What is Classified as Larceny in South Carolina?
According to state law, larceny is taking property that belongs to someone else unlawfully. It is done with the intent of depriving the person of their property permanently. Basically, larceny is taking something that belongs to someone else. Larceny doesn’t involve force. If force is used, you will most likely be charged with robbery. Larceny is the same as theft. Stealing an animal, such as a dog, can also be considered larceny. There are special rules regarding the theft of animals, however. If you steal an animal such as a dog, you could face up to 6 months in jail and a $500 fine. It would be classified as a misdemeanor.
However, if you steal livestock your consequences will be dependent upon the value of the animal that you have stolen. So, if you steal a valuable bull that is worth more than $2,000, you are facing felony charges. You would face the same penalties as you would for stealing anything else worth over $2,000. Whether you are charged with a misdemeanor or a felony is dependent upon the classification of the theft that you commit. The value of the item stolen plays a major role in how you are charged for larceny in Greenville, South Carolina.
What are Some Different Larceny Charges in South Carolina?
There are some different kinds of larceny charges in the state as well. As an example, if you enter a building without permission of the owner, you are most likely going to face burglary charges. You could also face a larceny charge, depending on what happens after you get inside the building. Larceny charges will be added to your burglary charges if you took things from the building or used services while inside the building you entered without permission. Also, you can face larceny charges if you used services in the building that are directly related to your crime.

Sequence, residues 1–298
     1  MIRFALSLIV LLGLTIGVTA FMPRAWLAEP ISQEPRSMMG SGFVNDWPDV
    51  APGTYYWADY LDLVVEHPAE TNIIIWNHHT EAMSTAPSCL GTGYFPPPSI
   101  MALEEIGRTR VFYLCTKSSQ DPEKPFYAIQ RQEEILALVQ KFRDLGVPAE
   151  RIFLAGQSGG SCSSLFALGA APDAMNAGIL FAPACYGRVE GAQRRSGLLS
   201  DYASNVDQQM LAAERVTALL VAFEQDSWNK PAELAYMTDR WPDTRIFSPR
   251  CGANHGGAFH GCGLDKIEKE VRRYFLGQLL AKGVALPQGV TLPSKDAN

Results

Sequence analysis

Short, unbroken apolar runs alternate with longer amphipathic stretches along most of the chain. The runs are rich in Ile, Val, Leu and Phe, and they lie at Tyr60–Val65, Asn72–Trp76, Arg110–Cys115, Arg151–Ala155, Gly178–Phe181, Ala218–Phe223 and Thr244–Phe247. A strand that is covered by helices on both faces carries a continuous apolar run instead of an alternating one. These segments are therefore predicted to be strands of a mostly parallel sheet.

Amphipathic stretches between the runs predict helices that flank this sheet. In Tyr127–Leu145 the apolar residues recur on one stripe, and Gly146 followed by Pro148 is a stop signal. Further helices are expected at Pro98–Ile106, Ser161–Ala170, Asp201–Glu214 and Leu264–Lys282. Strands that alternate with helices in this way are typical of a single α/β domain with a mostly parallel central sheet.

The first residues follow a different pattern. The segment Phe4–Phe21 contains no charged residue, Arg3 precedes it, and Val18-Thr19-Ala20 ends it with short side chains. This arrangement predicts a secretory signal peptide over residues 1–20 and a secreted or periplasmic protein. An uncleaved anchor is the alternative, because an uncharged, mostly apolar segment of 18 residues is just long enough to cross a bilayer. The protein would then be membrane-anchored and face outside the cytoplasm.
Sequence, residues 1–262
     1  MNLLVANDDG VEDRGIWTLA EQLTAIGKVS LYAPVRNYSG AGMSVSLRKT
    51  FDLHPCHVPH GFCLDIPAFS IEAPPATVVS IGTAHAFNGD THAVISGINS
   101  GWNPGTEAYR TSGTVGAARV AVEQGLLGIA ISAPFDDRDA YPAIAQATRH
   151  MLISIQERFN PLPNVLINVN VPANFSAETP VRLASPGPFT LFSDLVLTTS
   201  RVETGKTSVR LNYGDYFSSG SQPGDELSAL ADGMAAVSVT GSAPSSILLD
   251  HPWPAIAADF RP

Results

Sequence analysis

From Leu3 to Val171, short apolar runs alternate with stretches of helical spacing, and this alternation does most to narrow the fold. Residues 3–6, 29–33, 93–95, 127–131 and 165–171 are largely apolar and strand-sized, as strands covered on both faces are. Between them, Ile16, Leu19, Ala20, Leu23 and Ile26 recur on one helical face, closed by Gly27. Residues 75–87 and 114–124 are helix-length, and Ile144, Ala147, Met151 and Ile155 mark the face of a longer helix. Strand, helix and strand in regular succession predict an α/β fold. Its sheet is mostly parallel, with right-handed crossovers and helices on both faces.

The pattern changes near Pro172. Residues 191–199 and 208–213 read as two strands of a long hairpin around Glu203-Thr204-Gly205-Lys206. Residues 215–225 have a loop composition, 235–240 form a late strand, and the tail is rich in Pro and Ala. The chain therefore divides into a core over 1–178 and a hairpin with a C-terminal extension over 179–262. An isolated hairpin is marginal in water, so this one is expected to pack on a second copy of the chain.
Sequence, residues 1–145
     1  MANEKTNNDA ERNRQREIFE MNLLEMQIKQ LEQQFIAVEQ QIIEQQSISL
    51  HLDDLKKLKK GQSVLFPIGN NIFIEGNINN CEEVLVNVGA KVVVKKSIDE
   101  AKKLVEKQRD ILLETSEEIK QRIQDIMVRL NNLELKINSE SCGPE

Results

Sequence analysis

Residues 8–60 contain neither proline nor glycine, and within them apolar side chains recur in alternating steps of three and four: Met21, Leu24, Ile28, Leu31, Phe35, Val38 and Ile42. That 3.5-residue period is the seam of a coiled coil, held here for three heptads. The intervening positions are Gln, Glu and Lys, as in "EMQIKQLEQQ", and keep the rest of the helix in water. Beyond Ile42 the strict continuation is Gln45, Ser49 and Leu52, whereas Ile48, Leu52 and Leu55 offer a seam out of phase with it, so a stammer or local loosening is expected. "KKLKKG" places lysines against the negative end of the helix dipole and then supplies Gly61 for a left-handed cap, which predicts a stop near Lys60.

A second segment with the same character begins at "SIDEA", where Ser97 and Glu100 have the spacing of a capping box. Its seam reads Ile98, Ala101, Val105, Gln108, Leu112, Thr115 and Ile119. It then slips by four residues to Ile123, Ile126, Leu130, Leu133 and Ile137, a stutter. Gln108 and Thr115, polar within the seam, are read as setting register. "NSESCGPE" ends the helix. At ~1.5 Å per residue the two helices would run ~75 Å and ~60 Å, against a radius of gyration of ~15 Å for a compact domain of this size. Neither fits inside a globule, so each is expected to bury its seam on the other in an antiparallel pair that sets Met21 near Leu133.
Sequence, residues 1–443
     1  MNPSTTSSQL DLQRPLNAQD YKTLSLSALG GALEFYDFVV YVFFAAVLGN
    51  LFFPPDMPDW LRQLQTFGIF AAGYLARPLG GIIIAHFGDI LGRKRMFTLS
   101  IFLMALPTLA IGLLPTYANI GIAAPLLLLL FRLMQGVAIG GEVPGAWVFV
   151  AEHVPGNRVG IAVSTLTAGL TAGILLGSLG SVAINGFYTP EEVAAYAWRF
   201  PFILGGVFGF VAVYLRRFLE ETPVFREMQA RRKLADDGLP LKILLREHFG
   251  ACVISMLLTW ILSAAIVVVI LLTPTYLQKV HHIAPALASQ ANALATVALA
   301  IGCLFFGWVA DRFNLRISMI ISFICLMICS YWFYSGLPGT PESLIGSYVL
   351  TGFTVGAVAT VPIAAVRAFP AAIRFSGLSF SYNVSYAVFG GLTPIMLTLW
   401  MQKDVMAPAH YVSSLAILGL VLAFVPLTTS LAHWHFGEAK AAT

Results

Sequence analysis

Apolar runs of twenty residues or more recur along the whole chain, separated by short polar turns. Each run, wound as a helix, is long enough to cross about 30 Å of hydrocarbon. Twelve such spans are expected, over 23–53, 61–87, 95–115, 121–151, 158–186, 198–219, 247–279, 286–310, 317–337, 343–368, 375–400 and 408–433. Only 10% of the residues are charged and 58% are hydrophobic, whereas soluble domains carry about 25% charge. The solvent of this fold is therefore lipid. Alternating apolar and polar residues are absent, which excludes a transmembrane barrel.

South Carolina law has no specific way to deal with larceny by conversion, but it is when an individual who has lawfully obtained property or funds then converts them to his or her own use in violation of the original agreement or legal obligation. An example of larceny by conversion could be an investment banker who took money a client invested and used it for his or her own benefit.
Larceny and burglary are often used for the same thing, but by South Carolina they are different. Taking someone’s services or property without permission is larceny. If you enter a building without permission and plan to commit a crime inside, you are committing burglary. You don’t have to steal anything to be charged with burglary in South Carolina.
What Should Be My First Step if Facing Greenville Theft Charges?
If you are facing theft charges in Greenville, SC, your first step should be to consult with an experienced theft attorney. Lauren Taylor practices criminal law in Greenville. As an experienced attorney, she has the skills and knowledge to build your defense and aggressively fight for you. Call (864) 326-2888 today for a free consultation.